Associative and Commutative PropertiesDate: 08/20/2001 at 23:41:56 From: Deborah Subject: Commutive and Associative Properties Please tell me if this problem is associative or commutative and explain the difference. I think it is associative, but the book says commutative. 6+(2+7) = 6+(7+2) It has three or more numbers, so why is it not associative? Date: 08/21/2001 at 08:55:45 From: Doctor Peterson Subject: Re: Commutive and Associative Properties Hi, Deborah. Look at the only difference between the two sides: 2+7 7+2 The order of the two addends has been changed, so the equation is true because of the commutative property. The third number, 6, is not involved in this change; essentially we have just added 6 to both sides of an example of the commutative property. If we applied the associative property to the left side, we would get 6+(2+7) = (6+2)+7 Here, we changed the order in which the two additions are done (regrouping them using parentheses), rather than the order of the two addends in one addition. The order of the numbers themselves is not changed. For Associative and Commutative properties, see the Dr. Math FAQ: Glossary of Properties http://mathforum.org/dr.math/faq/faq.property.glossary.html - Doctor Peterson, The Math Forum http://mathforum.org/dr.math/ |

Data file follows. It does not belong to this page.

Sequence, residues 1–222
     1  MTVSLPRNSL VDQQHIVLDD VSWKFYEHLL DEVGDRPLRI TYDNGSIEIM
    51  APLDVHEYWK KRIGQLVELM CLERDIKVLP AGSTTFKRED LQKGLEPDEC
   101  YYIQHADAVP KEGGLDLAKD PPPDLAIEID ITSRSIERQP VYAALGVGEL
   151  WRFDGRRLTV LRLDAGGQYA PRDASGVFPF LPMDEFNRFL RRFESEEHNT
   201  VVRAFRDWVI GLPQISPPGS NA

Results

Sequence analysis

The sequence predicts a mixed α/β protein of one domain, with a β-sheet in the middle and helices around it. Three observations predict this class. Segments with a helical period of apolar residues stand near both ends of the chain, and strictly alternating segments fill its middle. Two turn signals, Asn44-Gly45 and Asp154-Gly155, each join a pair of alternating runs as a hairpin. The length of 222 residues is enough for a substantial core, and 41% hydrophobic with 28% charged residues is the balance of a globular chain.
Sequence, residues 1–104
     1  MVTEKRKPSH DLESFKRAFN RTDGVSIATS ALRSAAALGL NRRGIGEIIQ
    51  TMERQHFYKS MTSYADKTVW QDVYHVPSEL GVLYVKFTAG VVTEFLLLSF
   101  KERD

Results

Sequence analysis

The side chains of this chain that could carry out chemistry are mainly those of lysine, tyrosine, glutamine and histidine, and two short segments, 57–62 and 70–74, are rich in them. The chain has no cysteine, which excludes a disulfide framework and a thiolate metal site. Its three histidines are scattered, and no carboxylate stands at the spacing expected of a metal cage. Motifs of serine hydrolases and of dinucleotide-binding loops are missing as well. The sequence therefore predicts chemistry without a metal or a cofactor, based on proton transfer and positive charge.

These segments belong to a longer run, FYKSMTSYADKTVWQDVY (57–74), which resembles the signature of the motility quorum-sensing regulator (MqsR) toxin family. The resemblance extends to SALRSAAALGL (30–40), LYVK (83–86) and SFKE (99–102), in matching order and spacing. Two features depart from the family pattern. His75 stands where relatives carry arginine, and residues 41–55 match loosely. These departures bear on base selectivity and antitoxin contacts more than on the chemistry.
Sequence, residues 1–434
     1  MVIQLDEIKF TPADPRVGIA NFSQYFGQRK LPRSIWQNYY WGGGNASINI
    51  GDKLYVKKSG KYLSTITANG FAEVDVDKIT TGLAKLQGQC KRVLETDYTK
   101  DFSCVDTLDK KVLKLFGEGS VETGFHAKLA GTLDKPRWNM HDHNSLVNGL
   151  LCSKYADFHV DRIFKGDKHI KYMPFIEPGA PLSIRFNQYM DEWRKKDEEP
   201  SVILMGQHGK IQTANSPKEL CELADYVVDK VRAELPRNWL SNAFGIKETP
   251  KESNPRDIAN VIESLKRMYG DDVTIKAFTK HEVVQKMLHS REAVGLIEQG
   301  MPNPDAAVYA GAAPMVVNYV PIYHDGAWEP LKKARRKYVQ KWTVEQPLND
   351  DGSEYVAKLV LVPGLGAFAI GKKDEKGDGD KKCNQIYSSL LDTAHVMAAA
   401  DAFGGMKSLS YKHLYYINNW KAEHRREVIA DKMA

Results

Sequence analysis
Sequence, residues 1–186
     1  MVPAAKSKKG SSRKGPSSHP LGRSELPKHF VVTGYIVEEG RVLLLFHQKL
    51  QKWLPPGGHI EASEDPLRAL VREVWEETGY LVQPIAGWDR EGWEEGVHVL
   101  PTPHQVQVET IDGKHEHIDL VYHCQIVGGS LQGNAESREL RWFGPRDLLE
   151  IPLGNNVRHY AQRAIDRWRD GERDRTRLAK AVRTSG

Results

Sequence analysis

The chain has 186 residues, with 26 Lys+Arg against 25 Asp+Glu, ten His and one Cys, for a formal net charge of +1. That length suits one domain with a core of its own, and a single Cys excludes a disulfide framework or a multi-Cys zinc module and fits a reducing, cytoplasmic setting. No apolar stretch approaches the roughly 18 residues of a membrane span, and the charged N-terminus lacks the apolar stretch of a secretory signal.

Search the Dr. Math Library: |
[Privacy Policy] [Terms of Use]
Ask Dr. Math^{TM}
© 1994-2015 The Math Forum
http://mathforum.org/dr.math/